Cystic fibrosis (CF) is a multisystem disease causing severe chronic sinopulmonary disease and loss of pancreatic exocrine function, which affects approximately 70,000 individuals worldwide. New therapeutic developments over the last few decades have resulted in a significant increase in survival, with the median predicted survival now reaching the late thirties and more and more CF patients living well into adulthood. However, with this advent of new therapies and the associated increase in survival, new challenges in CF care have also emerged. Two of these challenges, i.e. chronic methicillin-resistant Staphylococcus aureus lung infection and patient adherence to very complicated and time-consuming therapeutic regimens, are reviewed in detail here. In addition, the ultimate challenge of treating the underlying cause of CF by correcting the dysfunction of the CF transmembrane conductance regulator chloride channel is reviewed, as agents to correct channel function will likely significantly alter CF clinical outcomes and treatment approaches in the next decade.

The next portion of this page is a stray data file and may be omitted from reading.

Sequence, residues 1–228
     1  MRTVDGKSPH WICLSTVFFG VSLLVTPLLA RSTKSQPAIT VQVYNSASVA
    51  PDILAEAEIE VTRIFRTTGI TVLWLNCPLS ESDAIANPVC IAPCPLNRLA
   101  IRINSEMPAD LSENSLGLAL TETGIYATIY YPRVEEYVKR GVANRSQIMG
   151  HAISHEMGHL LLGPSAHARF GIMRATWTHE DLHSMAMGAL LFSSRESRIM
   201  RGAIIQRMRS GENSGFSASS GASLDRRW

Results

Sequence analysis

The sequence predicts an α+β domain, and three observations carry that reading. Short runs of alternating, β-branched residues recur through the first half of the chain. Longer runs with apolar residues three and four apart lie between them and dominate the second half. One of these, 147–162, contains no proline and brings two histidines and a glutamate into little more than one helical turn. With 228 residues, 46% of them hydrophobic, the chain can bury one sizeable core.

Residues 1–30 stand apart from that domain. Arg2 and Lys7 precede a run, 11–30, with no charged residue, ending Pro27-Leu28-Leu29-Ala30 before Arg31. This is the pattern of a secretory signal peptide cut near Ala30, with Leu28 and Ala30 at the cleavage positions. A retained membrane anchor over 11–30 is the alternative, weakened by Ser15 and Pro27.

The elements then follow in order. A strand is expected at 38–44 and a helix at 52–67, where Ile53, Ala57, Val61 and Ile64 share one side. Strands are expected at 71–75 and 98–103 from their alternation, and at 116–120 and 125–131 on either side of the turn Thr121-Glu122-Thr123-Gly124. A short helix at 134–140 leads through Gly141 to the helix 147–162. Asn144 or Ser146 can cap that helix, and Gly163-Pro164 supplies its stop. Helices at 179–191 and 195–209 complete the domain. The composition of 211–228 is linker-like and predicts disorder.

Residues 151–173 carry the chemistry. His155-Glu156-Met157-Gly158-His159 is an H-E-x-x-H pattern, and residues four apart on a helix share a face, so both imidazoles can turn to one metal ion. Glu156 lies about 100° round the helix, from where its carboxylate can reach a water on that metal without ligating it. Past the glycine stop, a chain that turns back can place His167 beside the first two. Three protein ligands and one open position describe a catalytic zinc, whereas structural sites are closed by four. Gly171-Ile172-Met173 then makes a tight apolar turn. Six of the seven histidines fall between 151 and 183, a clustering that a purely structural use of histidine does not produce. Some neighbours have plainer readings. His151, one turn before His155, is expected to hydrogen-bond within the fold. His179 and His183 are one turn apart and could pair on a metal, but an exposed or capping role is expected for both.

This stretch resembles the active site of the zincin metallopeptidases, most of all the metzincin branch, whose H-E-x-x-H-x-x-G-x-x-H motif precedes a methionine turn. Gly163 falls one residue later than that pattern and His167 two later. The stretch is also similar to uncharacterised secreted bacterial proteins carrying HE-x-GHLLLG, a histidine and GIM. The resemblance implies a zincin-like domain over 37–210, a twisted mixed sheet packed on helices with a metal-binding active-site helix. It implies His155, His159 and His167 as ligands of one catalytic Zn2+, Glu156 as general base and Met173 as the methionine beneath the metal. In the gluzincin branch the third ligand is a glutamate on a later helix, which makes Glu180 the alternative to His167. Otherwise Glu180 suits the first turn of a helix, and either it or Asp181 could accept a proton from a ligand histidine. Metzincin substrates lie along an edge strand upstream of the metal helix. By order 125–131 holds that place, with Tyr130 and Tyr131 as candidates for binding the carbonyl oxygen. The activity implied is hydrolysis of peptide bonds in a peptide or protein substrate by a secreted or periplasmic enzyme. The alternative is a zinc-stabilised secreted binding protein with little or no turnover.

- Cystic fibrosis
- Cystic fibrosis transmembrane conductance regulator
- Methicillin-resistant Staphylococcus aureus
ASJC Scopus subject areas